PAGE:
This is basically a summary of this novel's meditation on the theme of violence. Even violence is connected to our capacity for memory and forgetfulness: we forget violence because we don't want to remember painful things.
Loyd seemed at a loss. Finally he said gently, "I mean, animals die. They suffer in nature and they suffer in the barnyard. It's not like people. They weren't meant to live a good life and then go to heaven, or wherever we go."
"I'm not talking about chicken souls. I don't believe roosters have souls," I said slowly. "What I believe is that humans should have more heart than that. I can't feel good about people making a spectator sport out of puncture wounds and internal hemorrhage."
Loyd kept his eyes on the dark air above the road. Bugs swirled in the headlights like planes cut loose from their orbits, doomed to chaos. After a full half hour he said, "My brother Leander got killed by a drunk, about fifteen miles from here."
In another half hour he said, "I'll quit Codi, I'm quitting right now." (16.178-80)
Loyd is a deep dude. What do you think he's pondering during that hour? Is he seeing a montage of images like Codi is? Is he thinking about how fighting cocks are basically tiny, feathery Roman gladiators? Or is he thinking about how recreational violence led to the biggest loss of his life?
"Everybody always talked like Leander died of drinking, but he wasn't but fifteen. Not old enough to sit down and order a beer. Everybody forgets that, that he was just a kid. We drank some, but I don't think he was drinking the night he died. There was a fight in a bar."
"What did he die of, then?"
"Puncture wounds. Internal hemorrhage." (18.40-3)
Here's the real reason Loyd quit cockfighting: it wasn't for Codi; it was for his dead brother's ghost.
"The seat of human emotion should be the liver," Doc Homer said. "That would be an appropriate metaphor."
I understood exactly. Once in ER I saw a woman who'd been stabbed everywhere, more severely in the liver. It's an organ with the consistency of layer upon layer of wet Kleenex. Every attempt at repair just opens new holes that tear and bleed. You try to close the wound with fresh wounds, and you try and you try and you don't give up until there's nothing left. (21.84)
Closing a wound with more wounds, Codi is pretty metal here. But the point is that healing from traumas—literal and emotional—isn't easy. It's a pretty painful thing to do, in fact.
"They kidnapped her one morning in a cotton field," I said. "They kept her prisoner for weeks and weeks, and we kept hoping, but then they moved everybody to another camp and some of the prisoners they shot. Eight of them. Hallie and seven men. All of the men were teachers. They had their hands tied behind them and shot them in the head and left the bodies all sitting in a line at the side of the road, in a forest right near the border. All facing south."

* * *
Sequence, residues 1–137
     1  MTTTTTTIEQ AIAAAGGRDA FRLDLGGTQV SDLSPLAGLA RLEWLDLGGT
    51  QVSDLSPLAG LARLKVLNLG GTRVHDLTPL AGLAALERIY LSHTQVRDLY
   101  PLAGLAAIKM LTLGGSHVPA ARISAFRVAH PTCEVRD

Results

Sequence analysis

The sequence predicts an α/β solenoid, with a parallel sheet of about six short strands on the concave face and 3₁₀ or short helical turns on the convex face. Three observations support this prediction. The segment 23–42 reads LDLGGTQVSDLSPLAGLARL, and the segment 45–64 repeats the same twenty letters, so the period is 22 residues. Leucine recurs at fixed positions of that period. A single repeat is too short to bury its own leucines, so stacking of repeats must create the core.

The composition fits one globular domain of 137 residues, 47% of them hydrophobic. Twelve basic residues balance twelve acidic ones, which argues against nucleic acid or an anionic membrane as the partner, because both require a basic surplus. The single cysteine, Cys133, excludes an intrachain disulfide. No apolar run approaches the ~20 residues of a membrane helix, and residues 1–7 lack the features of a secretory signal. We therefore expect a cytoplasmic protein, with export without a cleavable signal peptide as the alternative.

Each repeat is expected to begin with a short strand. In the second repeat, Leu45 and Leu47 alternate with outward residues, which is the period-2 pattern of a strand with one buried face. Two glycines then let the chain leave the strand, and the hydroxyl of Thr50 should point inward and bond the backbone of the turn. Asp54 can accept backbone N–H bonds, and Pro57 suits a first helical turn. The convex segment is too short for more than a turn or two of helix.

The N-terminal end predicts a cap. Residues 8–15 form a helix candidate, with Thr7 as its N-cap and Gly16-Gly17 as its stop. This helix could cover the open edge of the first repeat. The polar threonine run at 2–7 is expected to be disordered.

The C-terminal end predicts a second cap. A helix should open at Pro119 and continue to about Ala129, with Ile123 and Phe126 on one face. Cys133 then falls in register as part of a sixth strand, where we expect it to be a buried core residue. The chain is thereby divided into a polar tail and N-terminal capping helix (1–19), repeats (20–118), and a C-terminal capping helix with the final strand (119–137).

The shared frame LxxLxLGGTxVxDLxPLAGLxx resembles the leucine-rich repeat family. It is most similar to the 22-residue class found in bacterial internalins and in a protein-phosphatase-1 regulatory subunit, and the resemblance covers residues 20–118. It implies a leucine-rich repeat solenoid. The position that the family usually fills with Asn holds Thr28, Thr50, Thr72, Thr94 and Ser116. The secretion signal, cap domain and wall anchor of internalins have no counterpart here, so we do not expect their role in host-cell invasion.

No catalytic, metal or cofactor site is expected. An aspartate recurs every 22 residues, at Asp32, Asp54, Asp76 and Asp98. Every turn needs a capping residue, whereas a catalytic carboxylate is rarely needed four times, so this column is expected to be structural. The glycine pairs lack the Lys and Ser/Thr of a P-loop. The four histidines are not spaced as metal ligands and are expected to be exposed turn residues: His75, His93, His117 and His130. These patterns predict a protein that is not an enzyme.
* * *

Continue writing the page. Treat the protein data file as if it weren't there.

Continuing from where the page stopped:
I felt a hard knot in my chest because this was the one image I saw most clearly. I still do. [...]
"The man that found them was driving up from Esteli, coming along the road, and at first when he saw them all sitting there he thought, 'Oh that's too many. I can't give them all a ride, they won't fit in my truck.'"(25.114-5)
It seems important to note that the image Codi can't get out of her mind is like Doc's pictures: in reality, the people are dead, but they look to the driver like hitchhikers. What's essential here, of course, is that Codi is using the specificity and horror of that image and the mistake it creates to fix this in the mind of herself and her listener—to make it something to remember. Instead of accepting an altered past, Codi's fixating on the truth of the image.
In another fifteen minutes he hears scrubbing. She is cleaning the floor. The toilet has flushed more than two dozen times. There are rules concerning all of these things. (13.23)
This one isn't explicitly violent—although it is extremely gross. Anyway, it suggests the bloody mess that Codi must have been dealing with in the bathroom. The emphasis here is less on the violence itself than the lengths that little baby Codi will go to just to cover it up. Forgetting can be pretty hard work.
Out in the median, at an angle that bore no relation to the direction of traffic, sat a white convertible with its frame bent violently into a V-shape.
When we passed it I saw that it wasn't a convertible after all; the top had been sheared off, and lay on the other side of the road. An arc of glad and chrome crossed the highway like a glittering river littered with flotsam and jetsam: a pair of sunglasses, a bright vinyl bag, a paperback book. I'd never seen such a badly wrecked car.
The ambience pulled out right behind us, its warning lights alternating like crazy winking eyes. We quickly left it behind, though, and we weren't speeding by any means. Loyd saw me watching the ambulance and glanced up at the rear-view mirror. "They're not in much of a rush, are they?"
Just then, while we watched, the lights stopped flashing. I understood that I had just seen someone die. (24.24-9)
In this book, violence always seems to happen just off camera. A person inside an ambulance, a baby in a bathroom, a woman in Nicaragua. What's the point? That it's hard to care about what you can't directly see.